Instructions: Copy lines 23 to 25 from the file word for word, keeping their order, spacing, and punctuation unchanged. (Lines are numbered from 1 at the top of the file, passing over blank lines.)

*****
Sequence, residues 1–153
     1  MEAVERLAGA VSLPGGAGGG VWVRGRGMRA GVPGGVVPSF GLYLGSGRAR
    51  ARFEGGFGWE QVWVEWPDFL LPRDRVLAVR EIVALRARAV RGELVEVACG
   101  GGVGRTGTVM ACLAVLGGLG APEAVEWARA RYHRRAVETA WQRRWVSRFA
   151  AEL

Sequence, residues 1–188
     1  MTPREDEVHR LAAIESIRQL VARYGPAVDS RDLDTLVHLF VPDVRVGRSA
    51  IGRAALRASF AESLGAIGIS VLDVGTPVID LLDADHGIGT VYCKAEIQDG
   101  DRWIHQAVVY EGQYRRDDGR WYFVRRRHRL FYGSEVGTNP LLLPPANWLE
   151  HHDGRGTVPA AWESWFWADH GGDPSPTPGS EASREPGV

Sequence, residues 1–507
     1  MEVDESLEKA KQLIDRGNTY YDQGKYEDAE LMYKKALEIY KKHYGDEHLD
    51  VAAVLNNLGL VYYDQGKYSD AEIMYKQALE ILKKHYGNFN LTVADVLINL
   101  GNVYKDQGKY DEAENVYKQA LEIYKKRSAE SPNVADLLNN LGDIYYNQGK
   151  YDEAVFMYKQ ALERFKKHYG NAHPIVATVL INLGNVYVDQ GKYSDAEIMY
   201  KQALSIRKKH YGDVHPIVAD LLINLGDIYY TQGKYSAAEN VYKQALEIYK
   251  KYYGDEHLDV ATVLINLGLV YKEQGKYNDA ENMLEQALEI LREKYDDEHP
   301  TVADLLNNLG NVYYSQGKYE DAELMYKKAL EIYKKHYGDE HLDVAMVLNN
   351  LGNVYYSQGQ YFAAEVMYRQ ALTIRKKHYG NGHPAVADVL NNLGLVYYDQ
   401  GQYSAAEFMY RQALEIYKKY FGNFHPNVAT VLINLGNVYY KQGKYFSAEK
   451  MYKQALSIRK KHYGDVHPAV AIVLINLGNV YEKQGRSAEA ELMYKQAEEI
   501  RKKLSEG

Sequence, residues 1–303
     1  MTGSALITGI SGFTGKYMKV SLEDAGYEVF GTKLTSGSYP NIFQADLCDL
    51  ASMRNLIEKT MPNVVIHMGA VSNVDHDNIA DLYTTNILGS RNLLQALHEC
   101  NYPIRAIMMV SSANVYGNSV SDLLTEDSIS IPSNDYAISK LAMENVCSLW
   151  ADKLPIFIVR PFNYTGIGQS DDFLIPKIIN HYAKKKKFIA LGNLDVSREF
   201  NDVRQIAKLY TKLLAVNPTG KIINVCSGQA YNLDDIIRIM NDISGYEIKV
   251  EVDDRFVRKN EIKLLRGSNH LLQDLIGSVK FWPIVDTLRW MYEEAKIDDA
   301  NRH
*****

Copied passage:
Sequence, residues 1–303
     1  MTGSALITGI SGFTGKYMKV SLEDAGYEVF GTKLTSGSYP NIFQADLCDL
    51  ASMRNLIEKT MPNVVIHMGA VSNVDHDNIA DLYTTNILGS RNLLQALHEC